It’s called the Aero ‘GT’, this one being number eight of a run of only eight ‘gloves off’ cars, as Morgan puts it. Each costs £144,000 but the sky is limit as goes customisation, with the handful of owners individually invited to the Malvern Link works to meet chief designer Jon Wells and create something unique.
What makes the Aero GT stand out from other Morgan cars?
Though both are actually Lamborghini hues, the green and gold livery of this example is inspired by the ash-framed Aero Super Sport cars prepared by Jacques Lafitte for FIA GT3 racing a decade ago. Dazzling? Just a bit. An Aventador would struggle to hold the limelight next to one of these; a Huracàn may not as well exist.
Look closer and you’ll clock aggressive aero, which most noticeably differentiates these models and which the GT wears in the manner of Kalashnikov-carrying librarian. Louvres cascading down the hydroformed aluminium wheelarches are redolent of that other brutish Brit, the TVR Sagaris, and there are diveplanes in the front bumper with further pressure-relieving cutouts behind the gold-painted rear wheels.
Then there are the circular vents in the trailing edge of the removable carbon roof - to these eyes a superb historical touch - but the coup de grace is a carbonfibre diffuser cut high into the tapered rear bodywork. Morgan insists the changes are functional, with their roots in the development work done during the 2015 redesign of the standard Aero 8.
What hasn’t changed is the driveline or the mechanical underpinnings. Given Morgan places a £50,000 premium on the GT over the Aero 8, that should raise a few eyebrows, but it remains a mouth-watering setup, so bear with.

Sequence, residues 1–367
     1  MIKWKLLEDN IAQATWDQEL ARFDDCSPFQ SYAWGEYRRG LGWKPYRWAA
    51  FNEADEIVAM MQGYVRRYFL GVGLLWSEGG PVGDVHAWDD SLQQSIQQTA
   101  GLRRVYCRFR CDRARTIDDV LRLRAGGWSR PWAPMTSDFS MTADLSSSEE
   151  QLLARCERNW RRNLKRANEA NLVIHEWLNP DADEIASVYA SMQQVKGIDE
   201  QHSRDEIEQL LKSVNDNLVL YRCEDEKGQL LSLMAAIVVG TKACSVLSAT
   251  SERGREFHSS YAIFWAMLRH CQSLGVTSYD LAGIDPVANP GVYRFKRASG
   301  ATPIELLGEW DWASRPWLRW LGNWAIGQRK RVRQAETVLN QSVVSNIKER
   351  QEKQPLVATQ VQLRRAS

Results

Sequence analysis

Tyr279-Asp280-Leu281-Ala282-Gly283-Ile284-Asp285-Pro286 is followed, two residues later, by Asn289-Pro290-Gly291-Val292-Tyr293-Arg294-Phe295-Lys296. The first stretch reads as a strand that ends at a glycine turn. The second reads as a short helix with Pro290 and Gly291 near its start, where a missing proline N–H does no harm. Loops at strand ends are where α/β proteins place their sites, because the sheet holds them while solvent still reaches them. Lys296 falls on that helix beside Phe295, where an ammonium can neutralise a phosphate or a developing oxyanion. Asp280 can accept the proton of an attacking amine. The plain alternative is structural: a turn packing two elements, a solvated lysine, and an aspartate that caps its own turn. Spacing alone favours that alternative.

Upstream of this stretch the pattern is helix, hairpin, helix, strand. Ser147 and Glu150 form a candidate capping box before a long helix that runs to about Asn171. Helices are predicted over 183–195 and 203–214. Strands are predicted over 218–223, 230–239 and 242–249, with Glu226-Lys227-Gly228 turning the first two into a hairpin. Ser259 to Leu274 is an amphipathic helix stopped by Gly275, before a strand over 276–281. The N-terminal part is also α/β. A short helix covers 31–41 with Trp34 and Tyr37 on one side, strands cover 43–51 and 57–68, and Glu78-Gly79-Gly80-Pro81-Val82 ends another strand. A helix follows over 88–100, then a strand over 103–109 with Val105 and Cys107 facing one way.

That naturally aspirated 4.8-litre N62 BMW engine delivers 367bhp and 370lb ft exclusively to the rear tyres through a six-speed manual ‘box and a mechanical limited-slip differential also of Bavarian origin. All this in an aluminium bonded and riveted chassis weighing a mere 1180kg without fluids? Only Lotus does similar. Meanwhile at each corner you’ll find manually adjustable dampers with AP Racing brakes.
Does the Aero GT perform like a true sports car?
Out on the road, the GT goes about its business as Aeros do. The engine is closer to your kneecaps than it is the front axle, and that axle seems leagues away from your hands, which in this case rest on a low-slung Moto-Lita wheel with a lovely alloy boss and spokes that match the heavy-set gearknob.
This car’s Tillet carbon seats (beloved also by quicker Caterham models) are padded out with quilted leather, and feel as though you could barely slide a deck of cards between their base and the floorpan. Straightaway the GT feels unusually reassuring simply to be in - certainly compared to the aloofness of more sophisticated rivals - and while there’s little scope for flailing elbows, headroom won’t be a problem unless your place of work is a basketball court.
This last-of-the-line Aero is also beautifully finished. Those who’ve not set backside in a Morgan for some time will be surprised, even if the clock is inexplicably positioned where you’d expect to find the passenger-side air vent and not all of the grain of the wooden trim aligns flawlessly. There’s also no infotainment to speak of but third-party navigation systems and the like can be charged via a USB port in glovebox.
Morgan claims these cars will hit 62mph in a modest 4.5sec but the fact is speed seems such a trivial matter when you’re at the wheel. The gearing is short, the throw positive and the steering resistive, so there’s plenty of work to do - and satisfaction to be had - even if you’re not out to set records. Likewise, mere tendrils for A-pillars and an abundance of glass always exaggerate one’s sense of progress, so while 467bhp would be welcome, it simply isn’t necessary.